ANSWER: Since the fall, no mere human has been able to keep the law of God perfectly, but consistently breaks it in thought, word, and deed.
Catechism questions seven through twelve outlined God's law, and now question thirteen reinforces the awful truth: No one can keep this law perfectly. How does Paul describe our human condition in Romans 3:9-20? Why do you think he uses so many references from Psalms, Proverbs, Isaiah, and Ecclesiastes (see verses 10-18) to describe us? For some of the Old Testament references, you can look through Psalms 5, 10, 14, 36, 140; Proverbs 1; Isaiah 59; and Ecclesiastes 7.
The commentary on this catechism question comes from the Puritan John Owen, who wrote, "Never let us reckon that our work in contending against sin, in crucifying, mortifying, and subduing of it, is at an end." (Full comments are here; click on the "c:" icon.) In other words, even those who trust Jesus Christ to save them continue to struggle against sin for the time being. In Philippians 3:8-16 how does Paul tell us to live in this state of being simul iustus et peccator ("simultaneously just and sinner")?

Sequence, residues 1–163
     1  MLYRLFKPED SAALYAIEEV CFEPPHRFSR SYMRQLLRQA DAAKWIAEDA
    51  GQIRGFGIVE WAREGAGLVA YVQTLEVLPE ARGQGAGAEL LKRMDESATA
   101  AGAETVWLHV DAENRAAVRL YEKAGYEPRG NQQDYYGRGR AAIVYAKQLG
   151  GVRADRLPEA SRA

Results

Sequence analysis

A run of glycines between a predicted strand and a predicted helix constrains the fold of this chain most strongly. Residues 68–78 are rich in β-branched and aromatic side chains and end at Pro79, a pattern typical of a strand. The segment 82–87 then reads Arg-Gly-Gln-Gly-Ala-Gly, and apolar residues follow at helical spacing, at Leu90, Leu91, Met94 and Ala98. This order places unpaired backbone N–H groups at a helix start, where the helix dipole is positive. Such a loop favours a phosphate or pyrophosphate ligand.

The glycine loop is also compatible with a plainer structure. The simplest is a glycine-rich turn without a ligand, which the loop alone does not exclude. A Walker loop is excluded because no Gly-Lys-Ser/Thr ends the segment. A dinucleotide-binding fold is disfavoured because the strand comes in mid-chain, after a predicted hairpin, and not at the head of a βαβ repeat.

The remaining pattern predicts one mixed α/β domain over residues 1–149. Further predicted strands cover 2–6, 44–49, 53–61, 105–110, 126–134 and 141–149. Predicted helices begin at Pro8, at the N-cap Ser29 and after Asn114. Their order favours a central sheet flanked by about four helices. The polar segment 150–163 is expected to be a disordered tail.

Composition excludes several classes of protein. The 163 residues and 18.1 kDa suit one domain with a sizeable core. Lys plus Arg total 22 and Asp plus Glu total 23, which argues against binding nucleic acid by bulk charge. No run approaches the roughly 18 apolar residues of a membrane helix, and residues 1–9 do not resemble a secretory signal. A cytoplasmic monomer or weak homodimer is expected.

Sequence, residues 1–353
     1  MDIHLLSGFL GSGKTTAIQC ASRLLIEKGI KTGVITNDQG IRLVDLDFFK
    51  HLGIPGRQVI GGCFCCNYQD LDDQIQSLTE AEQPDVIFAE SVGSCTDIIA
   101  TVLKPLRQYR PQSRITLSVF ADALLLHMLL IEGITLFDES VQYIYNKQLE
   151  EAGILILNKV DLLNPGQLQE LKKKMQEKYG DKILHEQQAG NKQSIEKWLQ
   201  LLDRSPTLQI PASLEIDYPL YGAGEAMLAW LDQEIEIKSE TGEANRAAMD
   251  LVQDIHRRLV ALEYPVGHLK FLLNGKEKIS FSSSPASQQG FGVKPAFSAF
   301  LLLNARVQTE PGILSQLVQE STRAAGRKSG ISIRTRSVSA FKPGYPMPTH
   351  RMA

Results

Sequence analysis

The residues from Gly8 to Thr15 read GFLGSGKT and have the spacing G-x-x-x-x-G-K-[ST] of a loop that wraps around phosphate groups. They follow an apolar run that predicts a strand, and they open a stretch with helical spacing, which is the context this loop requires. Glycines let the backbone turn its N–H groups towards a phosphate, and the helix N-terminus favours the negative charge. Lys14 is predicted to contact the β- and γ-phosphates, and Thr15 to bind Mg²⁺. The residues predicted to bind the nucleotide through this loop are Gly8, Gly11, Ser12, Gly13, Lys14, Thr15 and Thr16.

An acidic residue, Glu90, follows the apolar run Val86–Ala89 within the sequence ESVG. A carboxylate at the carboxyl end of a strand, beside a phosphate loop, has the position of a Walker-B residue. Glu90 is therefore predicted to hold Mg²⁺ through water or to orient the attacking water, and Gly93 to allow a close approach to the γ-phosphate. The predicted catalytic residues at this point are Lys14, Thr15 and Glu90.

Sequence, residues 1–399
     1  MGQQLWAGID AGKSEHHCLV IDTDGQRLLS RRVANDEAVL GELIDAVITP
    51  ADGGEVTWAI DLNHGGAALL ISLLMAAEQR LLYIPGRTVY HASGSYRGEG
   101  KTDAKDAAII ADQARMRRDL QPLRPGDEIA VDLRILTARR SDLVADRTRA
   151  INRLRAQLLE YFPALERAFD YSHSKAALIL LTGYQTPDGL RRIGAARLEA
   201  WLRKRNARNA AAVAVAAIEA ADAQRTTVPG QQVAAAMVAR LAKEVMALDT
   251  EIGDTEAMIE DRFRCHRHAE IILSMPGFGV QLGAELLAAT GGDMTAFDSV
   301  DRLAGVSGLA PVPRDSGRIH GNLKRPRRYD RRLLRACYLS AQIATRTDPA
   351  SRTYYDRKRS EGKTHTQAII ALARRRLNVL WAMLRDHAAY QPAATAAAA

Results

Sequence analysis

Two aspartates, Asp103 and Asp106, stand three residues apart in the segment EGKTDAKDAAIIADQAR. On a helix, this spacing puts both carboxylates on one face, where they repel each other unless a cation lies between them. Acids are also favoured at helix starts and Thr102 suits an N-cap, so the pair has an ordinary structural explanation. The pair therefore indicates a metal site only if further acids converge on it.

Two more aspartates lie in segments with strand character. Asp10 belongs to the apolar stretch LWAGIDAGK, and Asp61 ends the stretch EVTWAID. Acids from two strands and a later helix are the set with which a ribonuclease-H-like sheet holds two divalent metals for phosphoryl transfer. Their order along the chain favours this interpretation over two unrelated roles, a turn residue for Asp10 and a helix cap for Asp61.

As you meditate this week on the law of God and the death and resurrection of Christ, you might find helpful a poem by Jill Peláez Baumgaertner, an excerpt of which appears below. It is presented in full in Wheaton Magazine (see p. 27) for use during Advent but seems perfectly appropriate for Holy Week as well.
The Law sculpts our sin
in bas relief. We trace
its outline, rehearse
its shape, feel once again